Vietnam, China Ministers Discuss Sea Spat Over Phone

Workers waving Vietnamese flags outside a factory in the Binh Duong province, Vietnam, 13 May 2014 (DPA).

HANOI (DPA) — Foreign ministers from Vietnam and China held discussions over recent deadly protests sparked by the placing of a Chinese oil rig in disputed waters, local media reported Friday.

Vietnam's Foreign Minister Pham Binh Minh, also deputy prime minister, held a telephone conversation with his Chinese counterpart Wang Yi Thursday, newspaper Viet Nam News reported.

It is the highest-level contact between the two countries over the recent crisis.

Two requests from Communist Party chief Nguyen Phu Trong to visit China to discuss the dispute have been rejected, a senior Vietnamese official said, requesting anonymity.


Foreign Minister Minh said Vietnam strongly objected to China's deployment of the oil rig in waters between Vietnam and the Paracel islands, which both countries claim. He said that recent riots had been caused by "particular individuals," the report said.

During a visit to Washington Thursday China's military chief General Fang Fenghui said the country would not cede any ground in the ongoing territorial disputes in the South China Sea.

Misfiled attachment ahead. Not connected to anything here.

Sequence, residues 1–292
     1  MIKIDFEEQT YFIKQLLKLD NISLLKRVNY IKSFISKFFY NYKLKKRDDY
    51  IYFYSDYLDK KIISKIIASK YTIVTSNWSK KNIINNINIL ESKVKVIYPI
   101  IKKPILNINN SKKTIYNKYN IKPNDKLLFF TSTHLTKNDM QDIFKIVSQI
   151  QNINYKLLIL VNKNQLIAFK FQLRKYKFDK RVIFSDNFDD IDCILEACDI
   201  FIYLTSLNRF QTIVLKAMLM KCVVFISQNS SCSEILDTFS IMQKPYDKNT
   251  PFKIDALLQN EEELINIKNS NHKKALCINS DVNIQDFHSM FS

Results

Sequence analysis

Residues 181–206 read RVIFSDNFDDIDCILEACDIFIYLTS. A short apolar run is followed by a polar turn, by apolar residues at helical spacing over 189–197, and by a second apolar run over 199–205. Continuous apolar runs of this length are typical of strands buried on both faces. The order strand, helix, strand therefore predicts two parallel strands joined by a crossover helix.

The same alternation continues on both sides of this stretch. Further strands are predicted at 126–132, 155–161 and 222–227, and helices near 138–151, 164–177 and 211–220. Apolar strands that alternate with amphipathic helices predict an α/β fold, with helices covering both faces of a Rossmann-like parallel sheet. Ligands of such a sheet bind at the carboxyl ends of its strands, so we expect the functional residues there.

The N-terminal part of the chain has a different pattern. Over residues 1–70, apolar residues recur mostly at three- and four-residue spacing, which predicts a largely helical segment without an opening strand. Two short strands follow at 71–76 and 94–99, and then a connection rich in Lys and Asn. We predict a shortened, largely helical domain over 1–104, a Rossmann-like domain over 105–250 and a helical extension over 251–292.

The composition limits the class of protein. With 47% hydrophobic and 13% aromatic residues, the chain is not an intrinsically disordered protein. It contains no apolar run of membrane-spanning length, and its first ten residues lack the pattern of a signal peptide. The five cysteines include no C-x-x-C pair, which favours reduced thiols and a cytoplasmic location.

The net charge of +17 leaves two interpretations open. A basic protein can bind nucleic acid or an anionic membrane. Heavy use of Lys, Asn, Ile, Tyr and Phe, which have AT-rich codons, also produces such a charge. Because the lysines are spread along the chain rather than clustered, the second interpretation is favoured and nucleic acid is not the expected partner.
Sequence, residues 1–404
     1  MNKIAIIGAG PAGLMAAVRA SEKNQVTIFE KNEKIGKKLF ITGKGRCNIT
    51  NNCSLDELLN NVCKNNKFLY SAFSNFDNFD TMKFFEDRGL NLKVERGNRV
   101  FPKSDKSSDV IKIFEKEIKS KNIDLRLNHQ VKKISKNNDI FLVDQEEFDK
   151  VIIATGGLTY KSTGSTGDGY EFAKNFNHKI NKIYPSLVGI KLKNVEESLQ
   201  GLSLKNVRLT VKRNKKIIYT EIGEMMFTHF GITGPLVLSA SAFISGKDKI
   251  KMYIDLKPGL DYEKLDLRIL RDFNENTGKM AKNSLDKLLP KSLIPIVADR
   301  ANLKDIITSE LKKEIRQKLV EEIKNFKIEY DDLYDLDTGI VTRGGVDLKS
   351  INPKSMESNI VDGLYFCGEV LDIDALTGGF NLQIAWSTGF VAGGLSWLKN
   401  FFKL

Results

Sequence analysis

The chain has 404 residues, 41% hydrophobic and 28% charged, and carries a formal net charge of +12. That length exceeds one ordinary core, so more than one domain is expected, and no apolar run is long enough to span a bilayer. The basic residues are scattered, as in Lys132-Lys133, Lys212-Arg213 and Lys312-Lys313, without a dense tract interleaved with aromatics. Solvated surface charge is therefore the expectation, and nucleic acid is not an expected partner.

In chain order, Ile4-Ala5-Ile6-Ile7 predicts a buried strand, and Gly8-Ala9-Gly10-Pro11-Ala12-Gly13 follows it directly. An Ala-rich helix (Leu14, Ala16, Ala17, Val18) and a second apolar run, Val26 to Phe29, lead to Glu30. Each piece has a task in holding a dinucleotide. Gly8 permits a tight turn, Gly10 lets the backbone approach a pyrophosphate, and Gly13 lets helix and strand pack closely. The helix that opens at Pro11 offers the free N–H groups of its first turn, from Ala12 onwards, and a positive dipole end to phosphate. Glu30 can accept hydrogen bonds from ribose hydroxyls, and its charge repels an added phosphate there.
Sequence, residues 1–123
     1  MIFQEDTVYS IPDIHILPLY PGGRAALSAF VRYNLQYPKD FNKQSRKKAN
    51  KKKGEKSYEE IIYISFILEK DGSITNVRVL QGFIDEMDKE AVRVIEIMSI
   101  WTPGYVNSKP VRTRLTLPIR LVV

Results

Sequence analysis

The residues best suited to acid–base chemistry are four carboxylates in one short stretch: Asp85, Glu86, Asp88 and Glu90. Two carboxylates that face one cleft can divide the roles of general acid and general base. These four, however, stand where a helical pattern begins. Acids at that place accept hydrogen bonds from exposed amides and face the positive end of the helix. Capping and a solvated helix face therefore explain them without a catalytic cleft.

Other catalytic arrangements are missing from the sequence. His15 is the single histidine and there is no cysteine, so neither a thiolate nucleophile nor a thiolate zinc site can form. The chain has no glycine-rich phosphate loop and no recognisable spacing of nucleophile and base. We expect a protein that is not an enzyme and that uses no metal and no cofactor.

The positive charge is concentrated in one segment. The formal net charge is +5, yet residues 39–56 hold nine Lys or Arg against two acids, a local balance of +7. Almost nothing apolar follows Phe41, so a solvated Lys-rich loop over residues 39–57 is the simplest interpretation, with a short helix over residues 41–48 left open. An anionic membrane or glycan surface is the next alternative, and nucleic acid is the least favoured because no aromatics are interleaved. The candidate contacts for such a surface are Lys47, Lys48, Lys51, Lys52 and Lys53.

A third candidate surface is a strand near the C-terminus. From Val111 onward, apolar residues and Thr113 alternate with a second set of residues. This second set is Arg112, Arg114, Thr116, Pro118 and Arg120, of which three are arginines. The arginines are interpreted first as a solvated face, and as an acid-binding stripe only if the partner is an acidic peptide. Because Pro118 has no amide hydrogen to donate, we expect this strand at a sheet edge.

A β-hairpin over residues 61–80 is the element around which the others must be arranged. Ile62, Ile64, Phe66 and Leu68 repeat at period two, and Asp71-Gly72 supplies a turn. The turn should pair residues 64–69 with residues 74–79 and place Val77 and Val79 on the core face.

The territory in question had been "passed down by our ancestors" and China would not lose "an inch," he said.

Vietnam's authoritarian leadership appears to have sanctioned anti-China protests in major cities, but several demonstrations turned violent during the past week, with one Chinese worker killed at a steel mill in central Vietnam.

On Thursday evening Prime Minister Nguyen Tan Dung sent a text message to mobile phone subscribers calling for people to "heighten patriotism," and not allow "bad elements to incite and do extremist things to cause losses to the country's interests and reputation."